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Some films seem like a bad idea from the start. When Marilyn Monroe announced to the world in 1956 that she was going to star in her first British movie, there were a lot of people who questioned the wisdom of her decision. The movie in question was The Prince and the Showgirl, which united Monroe’s sex appeal with the well mannered Laurence Olivier. Rumoured late arrivals on set and insecurity about starring next to the famous British actor left Monroe a nervous wreck during shooting. Could one of the world’s most famous actresses and Britain’s premiere actor really hit it off on screen, or was the movie doomed before it was even released? Read on to find out.

Prince And The Showgirl, The
The Prince and the Showgirl is set in the early Twentieth Century. Elsie Marina (Marilyn Monroe) is a simple American actress who works in a London show. One night the cast of the show gets to meet the Regent of Carpathia (Laurence Olivier). The Regent requests to go backstage to meet the cast (although he is only interested in the women), and an unfortunate incident attracts his attention to Miss Marina. Elsie, nervous at meeting the Regent, breaks her dress strap. Being a ladies’ man, the Regent is drawn to Elsie’s mishap, and quickly invites her to have a meal with him. At first Elsie doesn’t know whether to take him seriously, after all she is a commoner! However, she soon receives a letter containing an invite to the Regents house.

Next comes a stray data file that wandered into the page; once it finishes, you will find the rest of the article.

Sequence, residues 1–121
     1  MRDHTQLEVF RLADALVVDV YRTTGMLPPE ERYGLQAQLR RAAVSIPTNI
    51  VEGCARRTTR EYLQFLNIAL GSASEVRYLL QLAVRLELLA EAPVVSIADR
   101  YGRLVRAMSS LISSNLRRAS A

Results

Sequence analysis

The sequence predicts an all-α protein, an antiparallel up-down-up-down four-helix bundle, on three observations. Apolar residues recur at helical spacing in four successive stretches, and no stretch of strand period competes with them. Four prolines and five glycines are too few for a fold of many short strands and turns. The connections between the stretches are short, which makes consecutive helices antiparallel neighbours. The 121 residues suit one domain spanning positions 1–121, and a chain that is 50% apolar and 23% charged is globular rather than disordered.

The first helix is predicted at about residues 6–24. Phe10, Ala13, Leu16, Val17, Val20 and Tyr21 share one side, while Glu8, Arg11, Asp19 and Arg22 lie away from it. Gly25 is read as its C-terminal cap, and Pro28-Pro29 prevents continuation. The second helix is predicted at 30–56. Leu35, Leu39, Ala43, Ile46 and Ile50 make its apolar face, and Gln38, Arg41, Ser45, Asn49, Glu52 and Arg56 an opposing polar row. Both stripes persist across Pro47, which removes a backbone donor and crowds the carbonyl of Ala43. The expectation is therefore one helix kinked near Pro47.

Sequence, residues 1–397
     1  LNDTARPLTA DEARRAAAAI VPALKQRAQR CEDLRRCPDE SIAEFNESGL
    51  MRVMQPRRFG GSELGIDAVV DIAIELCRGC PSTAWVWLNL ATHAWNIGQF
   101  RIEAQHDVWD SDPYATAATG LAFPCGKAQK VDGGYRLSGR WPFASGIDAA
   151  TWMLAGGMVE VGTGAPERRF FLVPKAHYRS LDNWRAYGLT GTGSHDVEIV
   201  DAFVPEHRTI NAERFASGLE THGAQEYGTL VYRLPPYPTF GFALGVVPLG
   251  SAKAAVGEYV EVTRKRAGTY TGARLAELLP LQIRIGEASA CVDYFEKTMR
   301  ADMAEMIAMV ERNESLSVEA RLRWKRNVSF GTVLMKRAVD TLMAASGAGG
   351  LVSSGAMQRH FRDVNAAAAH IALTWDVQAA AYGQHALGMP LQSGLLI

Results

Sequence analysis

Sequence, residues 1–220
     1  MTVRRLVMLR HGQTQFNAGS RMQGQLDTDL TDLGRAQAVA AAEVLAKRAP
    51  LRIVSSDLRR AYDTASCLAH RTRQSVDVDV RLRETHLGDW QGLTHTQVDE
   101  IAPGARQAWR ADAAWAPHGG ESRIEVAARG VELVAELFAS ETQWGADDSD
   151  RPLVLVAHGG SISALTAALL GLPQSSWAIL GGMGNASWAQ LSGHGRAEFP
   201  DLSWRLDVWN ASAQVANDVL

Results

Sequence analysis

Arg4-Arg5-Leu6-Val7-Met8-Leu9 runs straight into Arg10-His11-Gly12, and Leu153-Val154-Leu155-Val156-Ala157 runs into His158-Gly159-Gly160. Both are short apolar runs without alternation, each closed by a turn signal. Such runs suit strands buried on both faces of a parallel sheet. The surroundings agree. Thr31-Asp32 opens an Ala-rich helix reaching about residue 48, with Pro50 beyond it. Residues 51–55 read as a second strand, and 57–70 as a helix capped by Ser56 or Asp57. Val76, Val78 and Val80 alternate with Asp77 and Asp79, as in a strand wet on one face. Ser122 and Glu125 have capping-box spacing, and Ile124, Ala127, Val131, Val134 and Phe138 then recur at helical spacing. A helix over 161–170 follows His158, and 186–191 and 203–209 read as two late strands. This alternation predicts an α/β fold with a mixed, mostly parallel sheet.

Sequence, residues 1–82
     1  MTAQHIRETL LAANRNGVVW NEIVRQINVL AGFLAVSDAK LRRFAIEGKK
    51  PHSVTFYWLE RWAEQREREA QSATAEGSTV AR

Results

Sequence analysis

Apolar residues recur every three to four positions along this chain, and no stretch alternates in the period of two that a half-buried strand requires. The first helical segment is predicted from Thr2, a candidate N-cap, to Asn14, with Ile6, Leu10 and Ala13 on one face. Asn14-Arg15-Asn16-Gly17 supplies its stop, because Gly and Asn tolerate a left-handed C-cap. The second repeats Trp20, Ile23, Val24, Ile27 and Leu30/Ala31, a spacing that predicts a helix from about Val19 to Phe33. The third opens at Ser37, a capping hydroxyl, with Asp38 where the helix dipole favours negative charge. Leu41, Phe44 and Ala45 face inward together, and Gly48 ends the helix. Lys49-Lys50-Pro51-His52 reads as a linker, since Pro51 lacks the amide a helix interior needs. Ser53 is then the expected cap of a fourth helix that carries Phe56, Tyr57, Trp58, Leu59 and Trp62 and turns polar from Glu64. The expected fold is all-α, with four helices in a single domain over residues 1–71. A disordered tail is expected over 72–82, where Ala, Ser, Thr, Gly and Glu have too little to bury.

Elsie dresses up in her best frock, intent on making the most of an evening with royalty. The evening doesn’t go to plan, as the Regent seems more interested in speaking to people on the phone, rather than enjoying the company of his guest. What also worries Elsie is the fact that the Regent gives the impression that he wants more than her company for the night. At every opportunity he refills her drink so that she gradually begins to feel the effects of the alcohol. The evening progresses and the couple get to know each other better. By the end of the evening it becomes clear that Elsie falls in love easily, in fact so easily that she already appears to have strong feelings for the Regent.